Adam Gilchrist fell a single run short of the highest one-day international score for an Australian, but even after his 172 against Zimbabwe his sights were set higher.
Gilchrist has passed 150 twice in one-day internationals
Said captain Ricky Ponting: "I actually thought he would give 200 a real shake."
"Maybe I missed my chance," Gilchrist mused, "but I'm sure someone will get there one day."
Back in the pavilion he is just one of a clutch of leading players bidding to be the first to score a double-century.
But, like athlete Roger Bannister before he broke the four-minute mile barrier in 1954, the leading contenders know it is only a matter of time before one of their number gets there.
Of the top 50 scores in one-day international history, 25 have come in the last five years.
Gilchrist's innings ties Zimbabwean Craig Wishart's unbeaten 172 against Namibia during the World Cup as the best of the last 12 months.
Alistair Brown - the only player to have passed 200 twice in top-class limited-overs matches - believes it is only a matter of time before the grail is gained.
"There are a number of players good enough to do it," the Surrey batsman told BBC Sport.
TOP ODI SCORES
194 Saeed Anwar (right)
Pak v India, Madras, 1996/97
189* IVA Richards
WI v Eng, Manchester, 1984
189 ST Jayasuriya
SL v India, Sharjah, 2000/01
188* G Kirsten
SA v UAE, Rawalpindi, 1995/96
186* SR Tendulkar
India v NZ, Hyderabad, 1999/00
"But you need a good wicket, you need to bat first, you need to be an opener or come in early and you need to be playing against one of the lesser attacks like Zimbabwe or Bangladesh."
"Two hundred will happen in a one-day international but I would be surprised if it's against Australia or any side with a reasonably good attack."
Brown also puts his high scores down to a lack of fear brought in part by his place at the top of a strong batting order - a position Gilchrist fills for Australia.
He is quick to point out that he came 88 short of his own international double-ton - his 112 against India in 1996 coming in one of just 16 innings for England.
268 AD Brown
Surrey v Glam, The Oval, 2002
222* RG Pollock (right)
E Province v Border, East London, 1974/75
206 AI Kallicharran
Warks v Oxfords, Birmingham, 1984
203 AD Brown
Surrey v Hants, Guildford, 1997
202* A Barrow
Natal v SA African XI, Durban, 1975/76
201 VJ Wells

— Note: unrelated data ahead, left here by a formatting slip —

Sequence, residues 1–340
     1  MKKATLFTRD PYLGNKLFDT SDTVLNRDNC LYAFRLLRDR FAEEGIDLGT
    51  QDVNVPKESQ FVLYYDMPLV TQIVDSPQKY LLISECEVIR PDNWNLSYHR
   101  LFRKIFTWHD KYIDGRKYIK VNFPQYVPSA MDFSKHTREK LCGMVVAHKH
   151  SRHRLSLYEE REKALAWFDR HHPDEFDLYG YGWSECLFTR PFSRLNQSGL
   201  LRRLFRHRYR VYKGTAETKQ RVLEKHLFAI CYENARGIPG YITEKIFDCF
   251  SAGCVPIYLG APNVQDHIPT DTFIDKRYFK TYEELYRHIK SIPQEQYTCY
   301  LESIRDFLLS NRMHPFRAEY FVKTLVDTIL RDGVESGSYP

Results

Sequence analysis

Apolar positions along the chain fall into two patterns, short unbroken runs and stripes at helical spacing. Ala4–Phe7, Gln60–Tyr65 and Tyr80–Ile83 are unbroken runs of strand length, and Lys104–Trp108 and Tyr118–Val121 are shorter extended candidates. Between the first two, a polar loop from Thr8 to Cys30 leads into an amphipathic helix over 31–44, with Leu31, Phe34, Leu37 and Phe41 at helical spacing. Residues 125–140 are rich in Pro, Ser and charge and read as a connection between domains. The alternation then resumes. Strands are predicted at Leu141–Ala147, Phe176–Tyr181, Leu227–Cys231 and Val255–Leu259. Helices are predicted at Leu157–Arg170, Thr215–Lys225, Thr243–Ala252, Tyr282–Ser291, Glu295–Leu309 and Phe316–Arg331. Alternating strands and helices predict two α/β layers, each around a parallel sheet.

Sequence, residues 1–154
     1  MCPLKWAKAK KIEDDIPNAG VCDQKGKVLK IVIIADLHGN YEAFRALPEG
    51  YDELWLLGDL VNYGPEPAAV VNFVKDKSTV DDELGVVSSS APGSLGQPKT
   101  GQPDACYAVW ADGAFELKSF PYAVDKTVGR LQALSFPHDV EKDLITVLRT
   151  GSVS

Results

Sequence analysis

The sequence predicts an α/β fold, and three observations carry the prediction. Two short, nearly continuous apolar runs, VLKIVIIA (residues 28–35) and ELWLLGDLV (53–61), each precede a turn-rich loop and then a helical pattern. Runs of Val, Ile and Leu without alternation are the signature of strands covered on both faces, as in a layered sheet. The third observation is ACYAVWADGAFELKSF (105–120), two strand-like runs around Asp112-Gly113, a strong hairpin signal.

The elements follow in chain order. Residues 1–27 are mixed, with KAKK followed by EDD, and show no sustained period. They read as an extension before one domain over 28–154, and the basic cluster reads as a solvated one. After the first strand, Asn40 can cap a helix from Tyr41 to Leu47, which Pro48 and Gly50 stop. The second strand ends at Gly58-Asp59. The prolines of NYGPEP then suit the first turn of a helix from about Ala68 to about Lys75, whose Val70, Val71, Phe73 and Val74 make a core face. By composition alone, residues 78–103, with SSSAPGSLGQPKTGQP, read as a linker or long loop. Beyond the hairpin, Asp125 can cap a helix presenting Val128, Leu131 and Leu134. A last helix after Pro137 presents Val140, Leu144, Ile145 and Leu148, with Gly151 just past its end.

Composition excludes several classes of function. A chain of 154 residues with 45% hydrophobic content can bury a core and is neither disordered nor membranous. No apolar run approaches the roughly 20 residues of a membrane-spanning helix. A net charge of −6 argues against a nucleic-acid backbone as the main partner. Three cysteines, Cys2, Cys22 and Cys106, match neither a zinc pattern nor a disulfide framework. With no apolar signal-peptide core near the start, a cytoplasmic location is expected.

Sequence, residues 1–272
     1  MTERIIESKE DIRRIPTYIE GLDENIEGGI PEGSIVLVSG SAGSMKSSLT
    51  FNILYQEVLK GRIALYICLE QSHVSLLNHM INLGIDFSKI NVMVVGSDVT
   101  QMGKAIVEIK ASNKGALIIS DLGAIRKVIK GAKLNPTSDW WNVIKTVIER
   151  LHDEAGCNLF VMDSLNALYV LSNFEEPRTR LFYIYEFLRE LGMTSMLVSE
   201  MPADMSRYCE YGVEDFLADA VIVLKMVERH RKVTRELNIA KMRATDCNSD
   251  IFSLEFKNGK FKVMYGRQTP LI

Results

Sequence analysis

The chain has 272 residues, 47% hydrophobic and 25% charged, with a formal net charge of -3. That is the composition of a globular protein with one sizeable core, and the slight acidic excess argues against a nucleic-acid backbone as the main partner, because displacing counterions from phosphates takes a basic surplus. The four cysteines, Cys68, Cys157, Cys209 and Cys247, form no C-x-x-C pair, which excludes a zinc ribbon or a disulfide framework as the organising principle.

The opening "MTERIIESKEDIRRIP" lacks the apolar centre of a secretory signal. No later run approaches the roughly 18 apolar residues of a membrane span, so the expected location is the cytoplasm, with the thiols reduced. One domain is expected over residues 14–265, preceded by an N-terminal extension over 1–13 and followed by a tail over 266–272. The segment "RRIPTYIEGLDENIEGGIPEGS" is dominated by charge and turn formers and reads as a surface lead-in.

Leics v Berkshire, Leicester, 1996
But he made 203 in a 40-over match against Hampshire in 1997 and broke his own county mark with a world record 268 against Glamorgan in a 50-over C&G Trophy match in 2002.
His scoring rate of 5.36 runs per over compares with Gilchrist's 3.88 on Friday.
Brown says self-belief was vital to get to the mark, but also a short-term view that means he did not get carried away.
"Before I got 203 I believed I could beat the one-day record," he says.
"But I try to break it down - if I get 100 in 20 overs, and I've spent some time getting my eye in, why shouldn't I get to 200 with 30 overs left."
"Often batsmen try to up the pace after getting the first 100 and do something extreme."
Brown believes the current trend for higher individual and team scores is a result of the bedding down of the 15-over fielding restriction since its introduction worldwide in 1992.
CANDIDATES FOR 200
Sachin Tendulkar (Ind) (right)
Virender Sehwag (Ind)
Adam Gilchrist (Aus)
Matthew Hayden (Aus)
Herschelle Gibbs (SA)
Sanath Jayasuriya (SL)
Brian Lara (WI)
Sri Lanka started the revolution with their use of the pinch-hitter to score quick runs at the start of the innings, winning the 1996 World Cup in the process.
"At first people would attack wildly, and bring someone up from six or seven to open.
"Now we're seeing proper batsmen coming up the order to open, batting positively but playing proper shots and not going too far too early.
"If you see something being done you believe it's achievable."
But first there needs to be a trailblazer.